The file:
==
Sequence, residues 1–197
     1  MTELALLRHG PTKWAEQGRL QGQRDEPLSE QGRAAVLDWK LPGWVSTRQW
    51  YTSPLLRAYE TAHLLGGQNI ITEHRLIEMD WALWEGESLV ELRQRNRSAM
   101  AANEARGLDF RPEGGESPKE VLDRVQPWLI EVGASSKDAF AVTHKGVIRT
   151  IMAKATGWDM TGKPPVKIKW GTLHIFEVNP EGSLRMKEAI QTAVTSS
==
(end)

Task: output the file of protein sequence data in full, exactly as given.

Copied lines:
Sequence, residues 1–197
     1  MTELALLRHG PTKWAEQGRL QGQRDEPLSE QGRAAVLDWK LPGWVSTRQW
    51  YTSPLLRAYE TAHLLGGQNI ITEHRLIEMD WALWEGESLV ELRQRNRSAM
   101  AANEARGLDF RPEGGESPKE VLDRVQPWLI EVGASSKDAF AVTHKGVIRT
   151  IMAKATGWDM TGKPPVKIKW GTLHIFEVNP EGSLRMKEAI QTAVTSS